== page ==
Belt thumbnail 1
Not currently on display at the V&A

Belt

1870-1920 (made)
Artist/Maker
Place Of Origin

This rich belt is typical of the silver work produced in the Ottoman Empire at the end of the 19th century. It would have been worn by a wealthy urban woman, as part of her traditional costume, throughout Anatolia and the Balkans.

It was probably made by Armenian silversmiths working in the town of Van. The designs of the plaques, showing buildings, flowers, trophies and other characteristic motifs, are picked out in niello, a metallic compound which was often called ‘Van work’ in Ottoman Turkey.


object details
Categories
Object Type
Materials and Techniques
Silver decorated with filigree and niello
Brief Description
Silver hinged belt decorated with filigree and niello pictorial plaques, Van (Turkey), 1870-1920.
Physical Description
Silver belt consisting of 14 rectangular segments hinged together. Each segment has an oval plaque in the centre surrounded by a border of granules faceted to look like cut-steel, with a vertical facetted applique at one side, over the hinge. Each central plaque is decorated with a niello picture, including buildings, flowers, birds, trophies and a tughra surrounded by a wreath. The segment at each end of the belt is pierced with a keyhole for fastening. The clasp is shaped like a lozenge squeezed in the centre to form two smaller lozenges, and is attached by a hinge to one of the end segments. It has a large filigree bow on the front, decorated with faceted granules in the same way as the belt, and has three matching pear-shaped pendants, each with smaller pendants of spiral wire, hanging from its lower edge. There is a short stem with an enlarged end on the back of the clasp, to hook safely into the keyhole of the segment at the far end.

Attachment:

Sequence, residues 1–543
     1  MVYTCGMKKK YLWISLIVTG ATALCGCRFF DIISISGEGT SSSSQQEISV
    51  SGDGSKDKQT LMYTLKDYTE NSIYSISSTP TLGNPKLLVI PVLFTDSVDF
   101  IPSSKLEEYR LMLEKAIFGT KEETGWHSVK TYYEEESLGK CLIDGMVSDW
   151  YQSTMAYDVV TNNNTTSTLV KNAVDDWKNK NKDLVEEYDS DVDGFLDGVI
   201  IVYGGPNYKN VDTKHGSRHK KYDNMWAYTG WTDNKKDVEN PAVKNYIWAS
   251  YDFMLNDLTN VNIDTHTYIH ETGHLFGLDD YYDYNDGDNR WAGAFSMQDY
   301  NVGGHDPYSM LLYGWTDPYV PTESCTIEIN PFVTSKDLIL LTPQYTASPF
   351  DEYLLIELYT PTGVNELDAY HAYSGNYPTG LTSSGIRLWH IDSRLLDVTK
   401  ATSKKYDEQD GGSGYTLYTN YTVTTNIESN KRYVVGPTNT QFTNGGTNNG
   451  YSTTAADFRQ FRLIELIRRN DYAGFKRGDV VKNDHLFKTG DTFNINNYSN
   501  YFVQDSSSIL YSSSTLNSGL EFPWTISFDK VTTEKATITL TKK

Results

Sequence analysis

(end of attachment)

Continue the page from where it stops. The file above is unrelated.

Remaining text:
Credit line
Given by Miss R.V. Dinjian
Subjects depicted
Place Depicted
Summary
This rich belt is typical of the silver work produced in the Ottoman Empire at the end of the 19th century. It would have been worn by a wealthy urban woman, as part of her traditional costume, throughout Anatolia and the Balkans.



It was probably made by Armenian silversmiths working in the town of Van. The designs of the plaques, showing buildings, flowers, trophies and other characteristic motifs, are picked out in niello, a metallic compound which was often called ‘Van work’ in Ottoman Turkey.

Collection
Accession Number
M.98-1969

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record createdJune 24, 2009
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